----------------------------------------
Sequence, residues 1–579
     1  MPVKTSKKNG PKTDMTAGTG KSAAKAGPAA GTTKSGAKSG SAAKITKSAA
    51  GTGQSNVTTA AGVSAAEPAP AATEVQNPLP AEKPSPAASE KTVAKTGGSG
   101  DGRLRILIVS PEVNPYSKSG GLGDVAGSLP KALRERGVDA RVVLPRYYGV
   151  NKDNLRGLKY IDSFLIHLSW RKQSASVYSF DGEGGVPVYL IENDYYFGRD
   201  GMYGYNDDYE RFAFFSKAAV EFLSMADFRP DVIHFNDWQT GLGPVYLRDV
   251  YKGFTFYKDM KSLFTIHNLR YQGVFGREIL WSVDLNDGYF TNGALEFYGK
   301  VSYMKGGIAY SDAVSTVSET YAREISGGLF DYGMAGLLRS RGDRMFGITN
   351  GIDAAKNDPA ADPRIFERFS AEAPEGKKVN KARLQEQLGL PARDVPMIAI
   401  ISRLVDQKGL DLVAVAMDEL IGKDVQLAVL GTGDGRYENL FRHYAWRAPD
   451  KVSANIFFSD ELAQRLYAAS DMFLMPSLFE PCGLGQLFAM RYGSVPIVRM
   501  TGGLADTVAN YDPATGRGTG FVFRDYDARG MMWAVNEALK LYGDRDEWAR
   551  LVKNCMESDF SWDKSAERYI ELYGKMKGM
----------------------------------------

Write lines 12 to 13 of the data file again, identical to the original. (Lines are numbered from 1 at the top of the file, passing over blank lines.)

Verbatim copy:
   501  TGGLADTVAN YDPATGRGTG FVFRDYDARG MMWAVNEALK LYGDRDEWAR
   551  LVKNCMESDF SWDKSAERYI ELYGKMKGM